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point pleasant park

Ultimate Halifax

UltimateHalifax_Memory-Lane

Photo: Rochelle Owen

Family fun, outdoor adventures, live theatre, and more—our annual roundup of the things we love most about our city

By Trevor J. Adams
With reporting by Janice Hudson

 

TO MARKET

Halifax hosts several farmers’ markets, offering visitors great opportunities to discover fresh produce, craft beer and cider, local wine, fresh-baked goods, local art, and unique souvenirs. 

—Over 250 vendors from across the province showcase their goods over two levels at the Halifax Seaport Farmers’ Market on Marginal Road. You’ll find some vendors at the waterfront market throughout the week, with full markets on Saturday.  

—A short walk up Lower Water Street takes you to the Historic Farmers’ Market in the Alexander Keith’s Brewery building. Find vendors and live entertainment in the main courtyard or tucked away in the maze of wings and hallways in this historic facility.

—In the North End on Windsor Street is the Halifax Forum, home to the Halifax Forum Farmers’ Market on Saturday mornings. Find 50+ vendors, including local farmers selling produce right off their trucks
in the parking lot.

—Across the harbour in Dartmouth, just steps from the Halifax Transit ferry terminal, you’ll find the Alderney Landing Farmers’ Market. It has live entertainment on its main stage on Saturday mornings. Outside, find flower and plant vendors aplenty during spring.

 

UltimateHalifax_Public-Gardens

Photo: Serena Graham-Dwyer

URBAN ESCAPE

Spanning six hectares in the middle of the city, the Halifax Public Gardens is one of North America’s finest formal Victorian gardens, with dramatic flower displays, weeping and flowering trees, fountains, and foliage plants. An oasis just steps from the bustle of Spring Garden Road, it’s an ideal spot to relax and recharge. On Sunday afternoons through the spring and summer, drop by the Victorian bandstand for free concerts featuring local musicians.

 

UltimateHalifax_Public-Gardens

Photo: Discover Halifax

HISTORIC HALIFAX

—Located on the site of “Canada’s Ellis Island” on the Halifax waterfront, the Canadian Museum of Immigration at Pier 21 explores how immigration built our country. From 1928 to 1971, some one million newcomers passed through Pier 21, as did some 500,000 military personnel during the Second World War. This is the East Coast’s only national museum.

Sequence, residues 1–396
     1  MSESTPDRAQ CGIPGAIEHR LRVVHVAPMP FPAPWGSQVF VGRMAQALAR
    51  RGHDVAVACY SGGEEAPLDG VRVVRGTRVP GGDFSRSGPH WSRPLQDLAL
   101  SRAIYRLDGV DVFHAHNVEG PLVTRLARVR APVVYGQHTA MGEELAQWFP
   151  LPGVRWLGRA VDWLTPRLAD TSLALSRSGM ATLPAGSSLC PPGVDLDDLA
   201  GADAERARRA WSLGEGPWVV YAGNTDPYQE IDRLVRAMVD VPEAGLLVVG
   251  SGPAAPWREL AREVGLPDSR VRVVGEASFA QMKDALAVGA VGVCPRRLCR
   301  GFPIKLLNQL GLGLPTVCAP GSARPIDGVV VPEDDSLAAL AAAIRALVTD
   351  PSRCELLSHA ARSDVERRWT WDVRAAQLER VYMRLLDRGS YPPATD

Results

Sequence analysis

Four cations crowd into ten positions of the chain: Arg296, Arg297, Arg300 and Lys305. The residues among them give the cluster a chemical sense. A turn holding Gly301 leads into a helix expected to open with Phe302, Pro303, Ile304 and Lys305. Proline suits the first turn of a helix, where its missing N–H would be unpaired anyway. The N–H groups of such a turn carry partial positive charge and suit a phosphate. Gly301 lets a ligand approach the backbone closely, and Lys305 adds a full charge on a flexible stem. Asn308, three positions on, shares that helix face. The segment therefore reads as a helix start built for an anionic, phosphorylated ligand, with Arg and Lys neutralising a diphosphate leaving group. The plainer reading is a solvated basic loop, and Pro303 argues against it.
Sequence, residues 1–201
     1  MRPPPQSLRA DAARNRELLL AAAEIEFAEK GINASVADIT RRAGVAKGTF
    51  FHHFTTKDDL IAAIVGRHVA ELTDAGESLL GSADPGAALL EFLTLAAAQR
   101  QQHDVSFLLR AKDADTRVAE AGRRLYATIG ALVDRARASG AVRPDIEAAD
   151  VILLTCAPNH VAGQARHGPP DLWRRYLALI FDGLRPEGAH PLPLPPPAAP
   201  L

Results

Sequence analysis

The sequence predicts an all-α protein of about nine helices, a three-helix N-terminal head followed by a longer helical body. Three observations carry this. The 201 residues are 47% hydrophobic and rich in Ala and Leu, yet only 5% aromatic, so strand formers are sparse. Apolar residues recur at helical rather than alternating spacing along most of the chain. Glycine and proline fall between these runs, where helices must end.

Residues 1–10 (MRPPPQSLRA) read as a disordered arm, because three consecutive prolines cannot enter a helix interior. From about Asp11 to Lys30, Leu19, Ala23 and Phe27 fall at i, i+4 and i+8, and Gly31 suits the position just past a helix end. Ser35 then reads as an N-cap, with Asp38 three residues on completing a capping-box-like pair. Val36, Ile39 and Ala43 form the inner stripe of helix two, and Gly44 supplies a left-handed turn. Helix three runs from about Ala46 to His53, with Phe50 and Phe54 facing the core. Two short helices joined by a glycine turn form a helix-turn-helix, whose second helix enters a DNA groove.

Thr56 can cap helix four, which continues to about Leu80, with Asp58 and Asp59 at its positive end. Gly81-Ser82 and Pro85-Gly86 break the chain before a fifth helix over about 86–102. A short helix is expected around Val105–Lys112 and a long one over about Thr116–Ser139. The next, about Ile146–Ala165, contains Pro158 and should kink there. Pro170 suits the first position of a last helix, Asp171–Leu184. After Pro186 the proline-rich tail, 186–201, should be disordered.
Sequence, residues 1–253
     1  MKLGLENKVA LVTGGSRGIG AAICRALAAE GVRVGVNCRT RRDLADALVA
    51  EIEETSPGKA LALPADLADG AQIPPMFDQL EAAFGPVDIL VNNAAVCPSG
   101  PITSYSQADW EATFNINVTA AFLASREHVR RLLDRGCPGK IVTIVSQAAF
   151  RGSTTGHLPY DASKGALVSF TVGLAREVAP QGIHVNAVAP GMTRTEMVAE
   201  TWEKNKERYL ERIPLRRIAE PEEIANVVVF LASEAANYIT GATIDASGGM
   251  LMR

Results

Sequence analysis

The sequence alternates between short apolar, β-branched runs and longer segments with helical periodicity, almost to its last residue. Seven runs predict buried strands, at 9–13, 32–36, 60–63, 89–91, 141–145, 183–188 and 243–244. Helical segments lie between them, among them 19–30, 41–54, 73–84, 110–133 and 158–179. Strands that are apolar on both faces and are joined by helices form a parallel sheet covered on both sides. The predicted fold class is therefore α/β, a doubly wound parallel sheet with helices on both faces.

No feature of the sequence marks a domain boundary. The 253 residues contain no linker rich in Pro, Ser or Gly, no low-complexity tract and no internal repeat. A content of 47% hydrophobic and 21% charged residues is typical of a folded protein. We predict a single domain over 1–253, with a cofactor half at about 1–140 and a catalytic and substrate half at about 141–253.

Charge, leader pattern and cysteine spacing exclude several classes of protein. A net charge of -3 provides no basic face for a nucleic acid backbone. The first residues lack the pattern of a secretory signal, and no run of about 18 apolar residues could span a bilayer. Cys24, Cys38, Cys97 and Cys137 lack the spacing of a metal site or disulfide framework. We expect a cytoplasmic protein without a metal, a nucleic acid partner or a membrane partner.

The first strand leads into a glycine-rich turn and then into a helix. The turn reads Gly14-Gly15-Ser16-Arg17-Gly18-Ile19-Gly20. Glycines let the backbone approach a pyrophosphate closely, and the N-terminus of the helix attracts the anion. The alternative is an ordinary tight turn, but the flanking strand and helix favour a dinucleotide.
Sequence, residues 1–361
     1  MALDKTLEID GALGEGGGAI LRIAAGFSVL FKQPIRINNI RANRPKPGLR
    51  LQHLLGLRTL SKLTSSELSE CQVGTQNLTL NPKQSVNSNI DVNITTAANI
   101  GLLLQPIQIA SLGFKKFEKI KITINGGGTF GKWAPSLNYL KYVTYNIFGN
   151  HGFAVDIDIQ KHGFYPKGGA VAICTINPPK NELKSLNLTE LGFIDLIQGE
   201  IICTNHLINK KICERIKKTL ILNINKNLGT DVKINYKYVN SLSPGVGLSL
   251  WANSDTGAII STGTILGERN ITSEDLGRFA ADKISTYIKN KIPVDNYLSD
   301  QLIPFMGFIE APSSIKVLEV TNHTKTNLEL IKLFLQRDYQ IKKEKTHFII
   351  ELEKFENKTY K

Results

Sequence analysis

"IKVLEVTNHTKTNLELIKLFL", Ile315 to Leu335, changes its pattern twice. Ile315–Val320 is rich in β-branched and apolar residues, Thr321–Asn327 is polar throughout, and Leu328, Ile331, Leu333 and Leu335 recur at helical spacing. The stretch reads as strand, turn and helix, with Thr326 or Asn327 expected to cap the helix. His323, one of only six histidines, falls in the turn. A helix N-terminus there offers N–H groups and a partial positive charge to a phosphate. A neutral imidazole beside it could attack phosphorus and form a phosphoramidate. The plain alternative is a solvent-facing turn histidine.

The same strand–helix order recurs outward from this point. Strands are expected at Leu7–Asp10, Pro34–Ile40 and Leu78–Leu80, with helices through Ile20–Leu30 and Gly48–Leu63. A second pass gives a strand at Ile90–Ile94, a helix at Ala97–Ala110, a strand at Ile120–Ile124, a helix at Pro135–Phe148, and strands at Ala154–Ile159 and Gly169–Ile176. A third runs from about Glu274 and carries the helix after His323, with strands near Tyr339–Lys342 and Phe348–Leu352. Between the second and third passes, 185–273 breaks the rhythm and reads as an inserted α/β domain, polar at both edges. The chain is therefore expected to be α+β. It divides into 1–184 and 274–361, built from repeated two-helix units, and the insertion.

—One of Canada’s most visited National Historic Sites, the Halifax Citadel towers over downtown Halifax. These colonial-era fortifications were once key to protecting Britain’s North American territories. On site, you’ll also find the Army Museum, detailing Halifax’s extensive military history. 

UltimateHalifax_Dartmouth-Heritage-Museum

—A short walk from the Halifax Transit ferry terminal, you’ll find Dartmouth Heritage Museum in Evergreen House on Newcastle Street. Built in 1867, the historic building holds dozens of artifacts and displays reflecting life in the city’s early days. 

—Explore Nova Scotia’s seafaring history at the Maritime Museum of the Atlantic on Lower Water Street. You’ll find exhibitions on the glory days of the age of sail, the Canadian navy in the world wars, the sinking of the Titanic, pirates and privateers, and more.

—Cole Harbour Heritage Farm is a rural oasis standing in stark contrast to the surrounding modern development. The 200-year-old farm features livestock, heritage buildings, gardens, walking paths, and more.

 

PLAY TIME

Eastern Front Theatre’s Stages Theatre Festival presents some 15 shows and events from May 21 to June 3. The schedule includes new plays, workshops, theatre for families, and world premieres held at venues across the city. The festival highlights work from Nova Scotia’s top professional theatre companies at different stages of development, from workshops and play-readings to full productions.

 

UltimateHalifax_Peggys-Cove

Photo: Discover Halifax

DAY TRIPPER